2) “The main project … is to examine Aristophanic comedies with respect to how their performance would create and manipulate a theatrical space which could be equated with other Athenian public spaces, and how the comic characters within that space reflect on their ontological status as actors in a way that provokes the fifth-century audience to recognize the manipulative performances in the democratic institution at large. The conflation of theatre and civic institutions thus has a didactic function in that it serves to instruct the audience in their reception of demagoguery and political chicanery”.

This is nonsense. The Athenian audiences were quite capable of detecting political chicanery without any instruction from the stage or anything else. Many of that body were themselves expert practitioners. The Greeks for centuries had been prime movers in developing and refining the art, and their acquaintance with it reached back into the mists of time, as their rich and ancient mythology amply reflects. The reason the audiences found its Aristophanic transmutations FUNNY is that they witnessed it daily and were well versed in its forms.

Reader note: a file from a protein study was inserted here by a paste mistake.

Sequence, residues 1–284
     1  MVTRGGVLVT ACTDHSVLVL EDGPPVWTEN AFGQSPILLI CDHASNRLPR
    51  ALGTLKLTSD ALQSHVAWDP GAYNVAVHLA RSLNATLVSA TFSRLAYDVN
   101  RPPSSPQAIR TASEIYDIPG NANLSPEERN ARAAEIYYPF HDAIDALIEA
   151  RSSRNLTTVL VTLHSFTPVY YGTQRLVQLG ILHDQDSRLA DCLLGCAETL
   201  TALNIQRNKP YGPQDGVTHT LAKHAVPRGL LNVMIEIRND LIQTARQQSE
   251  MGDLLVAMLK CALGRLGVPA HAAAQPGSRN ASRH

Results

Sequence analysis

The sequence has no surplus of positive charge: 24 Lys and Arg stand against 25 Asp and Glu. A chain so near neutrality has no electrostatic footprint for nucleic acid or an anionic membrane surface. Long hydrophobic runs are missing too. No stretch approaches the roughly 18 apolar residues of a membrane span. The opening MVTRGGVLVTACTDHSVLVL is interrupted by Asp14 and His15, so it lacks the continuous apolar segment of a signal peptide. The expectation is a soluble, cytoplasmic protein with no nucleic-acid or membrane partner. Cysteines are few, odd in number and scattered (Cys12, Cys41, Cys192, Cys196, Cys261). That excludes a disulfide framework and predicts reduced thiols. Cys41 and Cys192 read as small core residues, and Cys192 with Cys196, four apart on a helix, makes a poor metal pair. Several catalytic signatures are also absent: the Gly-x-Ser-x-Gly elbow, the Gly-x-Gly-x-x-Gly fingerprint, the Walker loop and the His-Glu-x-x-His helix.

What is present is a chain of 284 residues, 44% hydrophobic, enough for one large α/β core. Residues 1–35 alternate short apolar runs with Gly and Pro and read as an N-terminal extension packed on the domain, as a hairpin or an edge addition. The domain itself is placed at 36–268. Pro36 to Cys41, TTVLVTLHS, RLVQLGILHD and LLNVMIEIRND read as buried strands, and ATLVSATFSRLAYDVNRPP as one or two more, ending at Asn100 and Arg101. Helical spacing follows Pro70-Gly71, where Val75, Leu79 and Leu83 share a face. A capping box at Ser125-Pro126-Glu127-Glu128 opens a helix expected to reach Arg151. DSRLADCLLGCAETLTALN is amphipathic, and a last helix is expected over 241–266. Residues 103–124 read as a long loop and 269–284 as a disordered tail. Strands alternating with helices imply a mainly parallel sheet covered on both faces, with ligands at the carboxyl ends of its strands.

3) In the penultimate paragraph of the review we find the following mind-boggling comment: ” … at no time does Slater address the relationship of the text as we have it to the performance witnessed by the Athenians”.

This implies that the relationship may be anything from tenuous to slight to non-existent, otherwise why raise the question. If true, it renders the entire effort null and void, a total waste of time and paper and in fact it is a wonder he could write the book at all. Has the reviewer no notion of how absurd this is? On what does Slater base his purported knowledge of the “performance witnessed by the Athenians” if not on “the text as we have it”? If Slater cannot relate “the text as we have it”, i.e. our only source, to what the Athenian audience saw, by what arrogant assumption of divination, what right, what exemption from the laws of genuine, painstaking and learned research does he dare to presume to understand what went on in the minds of Aristophanes and his audience? To what standards, if any, does he hold himself in the pursuit of his conclusions?

4) Finally, a word about style. One of the hallmarks of the Theorists is their penchant for dressing their prose in gaudy robes of impenetrable jargon, a sin of which both author and reviewer here are guilty. (See e.g. the first sentence of the review quoted above.) This arbitrary re-structuring of the English language into polysyllabic tangles may dimly suggest insight to some, but many others of us recognize that the emperor is nude. Deliberate obfuscation denotes an inability to think clearly married to a love affair with the flashy but meaningless, both of which defeat the very purpose of scholarship.

Were Aristophanes among us today his first target for ruthless parody would be the self-deluding Theorists. Socrates in his basket was earthbound compared to these.